On the roof of our guesthouse in Kokemlemle, we sit and enjoy the African breeze that comes with the setting of the sun beginning around 5:30pm. In the company of our local friend, we sip Ghanaian produced Gulder beer and reflect on day’s events.
We are soon joined by a fellow from Germany and a young lady from Sweden. Staying at a guesthouse we often meet travelers, mainly volunteers, from around the world. The gentleman is traveling Ghana and Togo for a month, visiting his brother and will be joined by his family. The young lady arrived in Accra the night before to begin her short-term volunteer work at an orphanage outside of the capital city.
“Welcome to Ghana, what do you think so far?” I ask the slim blonde woman.
Her eyes widened and her grin lit up her face.
“Thing’s here are crazy! Everything is unorganized – it is so different than Sweden,” she replies.
She goes on to explain her experience navigating through traffic and finding her way through the city. Even with the help of her program leader she found it difficult to grasp what was going on around her in the bustling of the city.
Similar to her experience, as a newcomer I could relate to her initial reaction of what appears as hectic chaos. Upon arrival, there appears to be no identifiable structure, no order, no rules. There are no clearly marked road signs or bus stops. Public transit is not lit up with signs of final destinations and pedestrians, vendors, dogs, goats and chickens roam closely around you. It’s difficult not to feel like you are always in someone’s way and completely lost.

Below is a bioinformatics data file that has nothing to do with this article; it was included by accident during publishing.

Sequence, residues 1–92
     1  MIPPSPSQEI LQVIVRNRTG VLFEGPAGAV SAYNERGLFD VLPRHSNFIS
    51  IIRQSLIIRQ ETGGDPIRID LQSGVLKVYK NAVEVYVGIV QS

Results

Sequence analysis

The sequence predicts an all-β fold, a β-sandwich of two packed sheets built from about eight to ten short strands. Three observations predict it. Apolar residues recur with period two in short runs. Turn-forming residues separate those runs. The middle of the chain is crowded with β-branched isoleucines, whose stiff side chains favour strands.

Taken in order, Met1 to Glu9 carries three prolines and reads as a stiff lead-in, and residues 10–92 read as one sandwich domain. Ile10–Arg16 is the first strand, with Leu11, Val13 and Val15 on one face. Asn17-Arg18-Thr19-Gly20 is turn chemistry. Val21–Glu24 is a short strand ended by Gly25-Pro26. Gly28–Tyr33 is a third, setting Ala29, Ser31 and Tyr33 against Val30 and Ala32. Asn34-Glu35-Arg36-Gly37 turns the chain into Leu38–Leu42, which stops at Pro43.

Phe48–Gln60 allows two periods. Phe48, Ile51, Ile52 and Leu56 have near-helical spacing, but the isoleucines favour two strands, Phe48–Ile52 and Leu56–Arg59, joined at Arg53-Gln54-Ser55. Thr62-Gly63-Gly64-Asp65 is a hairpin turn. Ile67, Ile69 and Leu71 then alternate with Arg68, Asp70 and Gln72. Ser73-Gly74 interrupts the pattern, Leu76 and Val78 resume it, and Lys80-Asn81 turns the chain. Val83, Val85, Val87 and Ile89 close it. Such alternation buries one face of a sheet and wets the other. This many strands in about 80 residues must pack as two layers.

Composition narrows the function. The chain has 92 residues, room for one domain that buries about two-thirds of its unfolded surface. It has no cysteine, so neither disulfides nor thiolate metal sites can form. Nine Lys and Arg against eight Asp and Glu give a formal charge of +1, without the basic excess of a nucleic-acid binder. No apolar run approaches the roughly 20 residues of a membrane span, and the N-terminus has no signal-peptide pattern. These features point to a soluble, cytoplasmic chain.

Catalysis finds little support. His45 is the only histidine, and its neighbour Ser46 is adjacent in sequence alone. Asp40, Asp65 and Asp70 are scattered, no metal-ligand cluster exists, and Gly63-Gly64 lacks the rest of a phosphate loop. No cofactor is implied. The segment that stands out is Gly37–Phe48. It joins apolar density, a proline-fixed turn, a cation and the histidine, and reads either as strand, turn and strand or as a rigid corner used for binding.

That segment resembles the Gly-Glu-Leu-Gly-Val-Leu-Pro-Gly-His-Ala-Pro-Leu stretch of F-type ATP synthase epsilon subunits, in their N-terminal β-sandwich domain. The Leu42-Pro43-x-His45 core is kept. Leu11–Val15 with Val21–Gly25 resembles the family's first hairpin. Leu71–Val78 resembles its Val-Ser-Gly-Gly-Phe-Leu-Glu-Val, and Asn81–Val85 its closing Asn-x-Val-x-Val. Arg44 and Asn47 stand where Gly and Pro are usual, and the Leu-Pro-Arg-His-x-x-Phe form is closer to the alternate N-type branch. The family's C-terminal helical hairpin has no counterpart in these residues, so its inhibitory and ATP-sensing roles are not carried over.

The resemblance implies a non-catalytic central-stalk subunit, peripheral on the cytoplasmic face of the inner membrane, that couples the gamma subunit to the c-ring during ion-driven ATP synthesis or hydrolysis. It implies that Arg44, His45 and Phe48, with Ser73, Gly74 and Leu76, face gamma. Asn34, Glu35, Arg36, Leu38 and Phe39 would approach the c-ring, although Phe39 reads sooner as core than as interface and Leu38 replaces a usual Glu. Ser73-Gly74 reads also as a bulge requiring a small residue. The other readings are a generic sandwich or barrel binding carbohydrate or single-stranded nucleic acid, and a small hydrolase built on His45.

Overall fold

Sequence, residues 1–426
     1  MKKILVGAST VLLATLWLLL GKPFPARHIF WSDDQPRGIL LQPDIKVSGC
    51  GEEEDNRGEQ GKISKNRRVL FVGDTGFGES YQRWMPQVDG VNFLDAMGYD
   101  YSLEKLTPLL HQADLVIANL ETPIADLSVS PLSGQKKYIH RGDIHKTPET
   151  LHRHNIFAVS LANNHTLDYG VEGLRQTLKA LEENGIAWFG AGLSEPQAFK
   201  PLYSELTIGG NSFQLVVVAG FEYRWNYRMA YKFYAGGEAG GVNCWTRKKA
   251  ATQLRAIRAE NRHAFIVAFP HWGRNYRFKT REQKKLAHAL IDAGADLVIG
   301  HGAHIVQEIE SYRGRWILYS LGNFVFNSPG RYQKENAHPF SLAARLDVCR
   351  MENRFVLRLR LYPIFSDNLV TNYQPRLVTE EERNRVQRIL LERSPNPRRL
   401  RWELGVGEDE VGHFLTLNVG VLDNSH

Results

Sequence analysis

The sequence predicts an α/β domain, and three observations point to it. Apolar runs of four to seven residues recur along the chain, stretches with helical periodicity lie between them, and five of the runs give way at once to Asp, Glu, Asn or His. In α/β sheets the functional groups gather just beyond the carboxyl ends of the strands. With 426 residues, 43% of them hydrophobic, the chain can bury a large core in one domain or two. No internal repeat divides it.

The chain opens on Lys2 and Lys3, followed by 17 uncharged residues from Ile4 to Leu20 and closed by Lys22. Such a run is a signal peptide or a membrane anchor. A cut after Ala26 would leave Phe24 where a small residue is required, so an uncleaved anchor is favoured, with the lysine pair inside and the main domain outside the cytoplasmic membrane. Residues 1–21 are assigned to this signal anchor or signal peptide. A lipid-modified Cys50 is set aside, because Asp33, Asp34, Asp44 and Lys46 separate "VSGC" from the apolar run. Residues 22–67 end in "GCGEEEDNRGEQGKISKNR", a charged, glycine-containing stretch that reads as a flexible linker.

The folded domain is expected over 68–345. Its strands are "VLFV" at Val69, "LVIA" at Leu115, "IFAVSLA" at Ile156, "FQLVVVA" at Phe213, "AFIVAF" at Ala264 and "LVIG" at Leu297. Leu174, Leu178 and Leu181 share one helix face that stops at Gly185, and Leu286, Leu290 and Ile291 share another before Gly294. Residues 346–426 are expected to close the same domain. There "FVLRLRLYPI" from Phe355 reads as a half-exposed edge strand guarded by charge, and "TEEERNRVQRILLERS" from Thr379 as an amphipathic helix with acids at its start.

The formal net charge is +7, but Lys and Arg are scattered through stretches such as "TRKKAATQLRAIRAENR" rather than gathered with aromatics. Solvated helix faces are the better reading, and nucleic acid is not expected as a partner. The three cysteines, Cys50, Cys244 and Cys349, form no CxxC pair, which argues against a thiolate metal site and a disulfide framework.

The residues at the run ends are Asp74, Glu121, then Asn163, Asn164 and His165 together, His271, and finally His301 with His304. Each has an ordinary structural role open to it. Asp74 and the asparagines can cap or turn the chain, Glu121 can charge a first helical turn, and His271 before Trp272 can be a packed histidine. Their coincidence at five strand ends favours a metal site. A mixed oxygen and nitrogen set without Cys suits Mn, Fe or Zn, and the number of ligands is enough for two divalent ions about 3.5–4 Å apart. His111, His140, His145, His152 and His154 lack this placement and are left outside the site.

As the night continued and the mosquitos came to join, we discussed the differences we noticed in comparison to our home countries. As our Swedish friend went back to her room to prepare for her early morning start, we said goodbye. Our local friend shook his head and laughed.
“What?” We asked.
His eyes met ours as he explained the reasoning for his smirk.
“This is my country, and she says it is unorganized. My country isn’t unorganized,” he says.
I paused to process his reaction. Never had I thought our discussion on traffic and rules of the road would come of as offensive, but it did.
“I don’t think she meant it to be rude,” I say. “It’s just different from what we are used to.”
We acknowledged her intentions were harmless and discussed how from a foreigner’s view her statement may test true. There seems to be no order. For the locals, however, this system works. Ghanaians have ways of communicating that newcomers don’t recognize. They use hand gestures and body language, whistles and snaps. Everything around us functions – and it is us who are unorganized in the chaotic structure which our new friends are accustomed and we do not understand.
“It works for us,” he says.
Through this exchanging of words and analyzing of experiences I learned an important lesson; things are not as they appear.
When something is different than we are culturally accustom to we identify it as “broken” – but this is not the case.
If we don’t understand, it doesn’t mean it doesn’t work. It doesn’t mean it is wrong and must be changed. To understand the way a system works, we must be patient, open-minded and most importantly respectful.
If not, our world will continue as a culture of ‘us’ and ‘them’ and a perpetuated cycle of misunderstandings and hypocritical ignorance will continue as a global norm.